EIGHTIES CHEESE WEEK
"I'm All Out of Love" / Air Supply
Frankly, I don't know if I can cover this all in just one week...but I've been beseiged lately by screeching echoes of the 1980s, quite possibly the worst decade in the history of pop music. I'm not just talking disco (hey, I liked the Pointer Sisters and Donna Summer), the goofy excesses of New Wave and power pop, or even heavy metal (which, as you may well guess, I am constitutionally incapable of listening to). No, the stuff that's been haunting me is the truly awful Top-40 radio hits of the era, with MTV serving as an accessory to the crime. . . .
Surely no band in the 1980s did more to lower the quality of mainstream pop than Air Supply. The term "soft rock" had to be invented to explain what this duo -- English singer/guitarist Graham Russell and Australian singer Russell Hitchcock -- were doing to the noble art of the pop song. Well, okay, the Bee Gees had already pointed that bus downhill (remember "How Deep Is Your Love"?) but Air Supply took off the parking brake and stomped on the accelerator.
This hit single came out in 1980, starting the decade with an anguished whimper. It came from their megahit LP Lost in Love, which also gave the world the unforgettable (and oh how I've tried to forget it) "Every Woman in the World." Two years later they would assault the airwaves again with "Even the Nights Are Better," and would top even these abominations in 1985 with the excruciating "Power of Love (You Are My Lady)."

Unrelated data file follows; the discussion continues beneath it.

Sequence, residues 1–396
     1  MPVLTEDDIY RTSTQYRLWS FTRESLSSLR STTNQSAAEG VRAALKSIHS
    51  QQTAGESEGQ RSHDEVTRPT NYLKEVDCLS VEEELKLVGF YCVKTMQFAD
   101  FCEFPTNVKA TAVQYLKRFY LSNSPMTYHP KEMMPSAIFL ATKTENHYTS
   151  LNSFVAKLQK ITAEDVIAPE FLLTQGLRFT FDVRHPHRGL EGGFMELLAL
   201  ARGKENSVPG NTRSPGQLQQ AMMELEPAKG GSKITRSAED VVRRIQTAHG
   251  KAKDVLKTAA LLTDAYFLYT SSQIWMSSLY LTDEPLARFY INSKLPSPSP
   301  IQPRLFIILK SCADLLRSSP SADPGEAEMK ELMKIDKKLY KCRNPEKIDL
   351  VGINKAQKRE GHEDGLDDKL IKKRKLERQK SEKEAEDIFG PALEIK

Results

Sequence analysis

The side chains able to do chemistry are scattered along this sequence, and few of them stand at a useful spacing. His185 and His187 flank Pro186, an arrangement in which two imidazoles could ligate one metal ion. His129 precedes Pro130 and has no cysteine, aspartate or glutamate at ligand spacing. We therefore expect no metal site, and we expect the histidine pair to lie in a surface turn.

The Air Supply formula was simple: Take two saccharine tenor voices; have them wail in close harmony about passionate love, using only superlatives and ultimatums; load up the tracks with bombastic strings and whaling percussion; and whip it all up in a sea of doubled vocals and reverb. Got a chorus? Repeat it at least four times, building the volume and the frenzy each time.
Unlike most of their big hits, "All Out Of Love" is a break-up song, which just meant that the singers could wail a little more miserably. The story, however, is pretty vague -- at first it just seems like he's away on a trip ("I'm lying alone with my head on the phone [OUCH!] / Thinking of you till it hurts"), but in the chorus, it seems that they've totally split up: "I'm all out of love, I'm so lost without you / I know you were right, believing for so long / I'm all out of love, what am I without you / I can't be too late to say that I was so wrong." Hmmm. So she was the one who held it together, he was a schmuck, and now he's trying to get her back.
In the second verse, however, he's pleading with her to come carry him home (from where? why can't he carry his own self home?). So perhaps they're just on a self-imposed "break." (Why does that term always make me think of Ross and Rachel from Friends?). "What would you say if I called on you now," he wheedles, "and said that I can't hold on?" The self pity is almost unbearable. And then there's that odd bridge, where he whimpers over and over, "What are you thinking of?" I just don't get what that has to do with anything.
Well, it wouldn't be the first pop song with a muddled story line. But that seems like an awful cheat, given the overblown emotion of that pompous production. After all, it was the 80s, the era of big hair, wide lapels, shoulder pads, and platform shoes; no wonder pop music also became a grandiose cartoon of itself. The sad thing is, I feel as if this era sucked love dry of all genuine romance, leaving pop music with only two modes: crude sex (hip hop) and neurosis (indie pop). What a shame.